I went to the doctors the other day, which is boring I realise but relevant to this blog, stay with me my story gets better!
Whilst waiting to see my GP and to be told something utterly useless I rifled through the magazines in the waiting room for something printed after 2007. Finding something from 2009 was an epic success.
Anyhoo, my luck was clearly in, this particular issue of (I think it was Vanity Fair, but don't quote me) had a very interesting interview with one of my personal idols, Simon Pegg, conducted by Janice Street Porter.
The media standard questions were issued, albeit with a touch more informed finesse from the JSP; Spaced/SotD & Hot Fuzz/Hollywood beckoning and a sprinkling of questions related to Pegg's personal life.
Of course one of the main topics that piqued my interest, always, is that of Spaced. Given that I believe it to be the best television show Britain has ever produced.
And what I want to address is a comment made by Pegg on the concept behind Spaced which I think sums it up perfectly and makes it one of the most germane sitcoms for my generation (and by my generation I mean those who are in their mid/late twenties and early thirties).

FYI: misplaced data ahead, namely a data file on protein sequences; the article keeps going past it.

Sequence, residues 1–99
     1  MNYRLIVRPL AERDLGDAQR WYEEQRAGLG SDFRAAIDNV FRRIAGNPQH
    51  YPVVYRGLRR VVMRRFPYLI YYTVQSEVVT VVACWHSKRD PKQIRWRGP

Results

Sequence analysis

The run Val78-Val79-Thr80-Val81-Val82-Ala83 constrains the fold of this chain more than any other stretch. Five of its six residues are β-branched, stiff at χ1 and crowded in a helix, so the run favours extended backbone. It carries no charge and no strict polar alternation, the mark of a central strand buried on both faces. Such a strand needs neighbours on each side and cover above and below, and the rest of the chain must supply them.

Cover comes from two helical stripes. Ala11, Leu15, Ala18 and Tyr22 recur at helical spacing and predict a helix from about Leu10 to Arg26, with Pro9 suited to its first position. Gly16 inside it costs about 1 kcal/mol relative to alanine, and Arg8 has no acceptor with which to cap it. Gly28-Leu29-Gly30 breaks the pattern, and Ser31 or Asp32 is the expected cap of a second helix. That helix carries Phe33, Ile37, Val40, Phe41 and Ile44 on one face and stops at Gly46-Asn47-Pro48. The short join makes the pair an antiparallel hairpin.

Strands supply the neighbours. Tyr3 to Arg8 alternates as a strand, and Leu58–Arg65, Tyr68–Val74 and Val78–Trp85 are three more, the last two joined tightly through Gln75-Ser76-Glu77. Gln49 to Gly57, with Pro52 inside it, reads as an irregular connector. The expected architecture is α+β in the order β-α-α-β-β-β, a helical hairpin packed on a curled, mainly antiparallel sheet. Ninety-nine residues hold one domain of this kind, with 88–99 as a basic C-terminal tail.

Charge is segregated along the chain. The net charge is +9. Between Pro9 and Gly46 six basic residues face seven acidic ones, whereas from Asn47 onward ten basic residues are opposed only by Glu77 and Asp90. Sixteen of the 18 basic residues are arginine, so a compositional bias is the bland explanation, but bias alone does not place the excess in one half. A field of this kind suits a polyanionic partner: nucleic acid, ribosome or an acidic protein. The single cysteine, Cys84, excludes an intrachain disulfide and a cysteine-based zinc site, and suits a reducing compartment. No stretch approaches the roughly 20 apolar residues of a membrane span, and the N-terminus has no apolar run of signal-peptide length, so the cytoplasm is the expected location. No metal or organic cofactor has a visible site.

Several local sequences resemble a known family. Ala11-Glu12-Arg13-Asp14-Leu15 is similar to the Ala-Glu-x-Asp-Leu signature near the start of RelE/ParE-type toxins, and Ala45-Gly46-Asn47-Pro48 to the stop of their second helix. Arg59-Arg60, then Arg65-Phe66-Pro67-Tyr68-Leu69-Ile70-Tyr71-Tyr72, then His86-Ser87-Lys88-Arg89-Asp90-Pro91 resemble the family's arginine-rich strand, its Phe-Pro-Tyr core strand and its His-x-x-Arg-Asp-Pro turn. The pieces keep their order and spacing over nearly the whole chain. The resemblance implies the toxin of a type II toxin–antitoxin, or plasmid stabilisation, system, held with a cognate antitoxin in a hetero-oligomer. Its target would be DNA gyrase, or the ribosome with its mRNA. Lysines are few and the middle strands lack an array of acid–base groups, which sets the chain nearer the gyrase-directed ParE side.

The comment was (roughly, I didn't take the mag from the GPs for reference) that Spaced essentially speaks to what can be referred to as today’s "Lost Generation". Up until fairly recently when you hit the 25 mark a special tag embedded somewhere in you went off in a sort of Logans Run type fashion. When this tag sends out its beacon it starts your biological clock and alerts society to start piling on the pressure for you to get married, punch out a few kids, get that promotion and the house in the suburbs and live normally ever after.
For my parents, the parents of pretty much everyone I know and the generations that preceded them this was the societal norm. Not in a fascist regime kind of way, it's just what everyone did. There was an unspoken agreement about what sort of time in your life you really should have figured everything out and be a grown up.
However, for my generation (the "Spaced" generation) we seem to have acquired an extra ten years that we, in Peggs words, "don't really know what to do with".
This extra ten years that bridge the gap from 25 to 35 (roughly, you can allow for extra on either side of those numbers depending on your situation) are spent barely navigating our way through our lives desperately trying to figure out what the hell it is we want to do with ourselves.
Tim & Daisy encapsulate this feeling of extended studentness perfectly and it's expertly peppered with the added anguish of well...the fact that we aren't students any more but supposed grown-ups in the eyes of the world but sure as hell not feeling like it.
We are the Star Wars, Genre Loving, Pop-Culture Quoting "Lost Generation" and that's why Spaced speaks to us. That's what makes it so good. Well, that and it's groundbreaking cinematic style, exceptional writing and brilliant cast of course.
It tapped into what we were all feeling, and still are to an extent, and put it on the small screen in the best way imaginable.
Spaced pretty much said; we get it, and isn't it hilarious?
Best. Sitcom. Ever.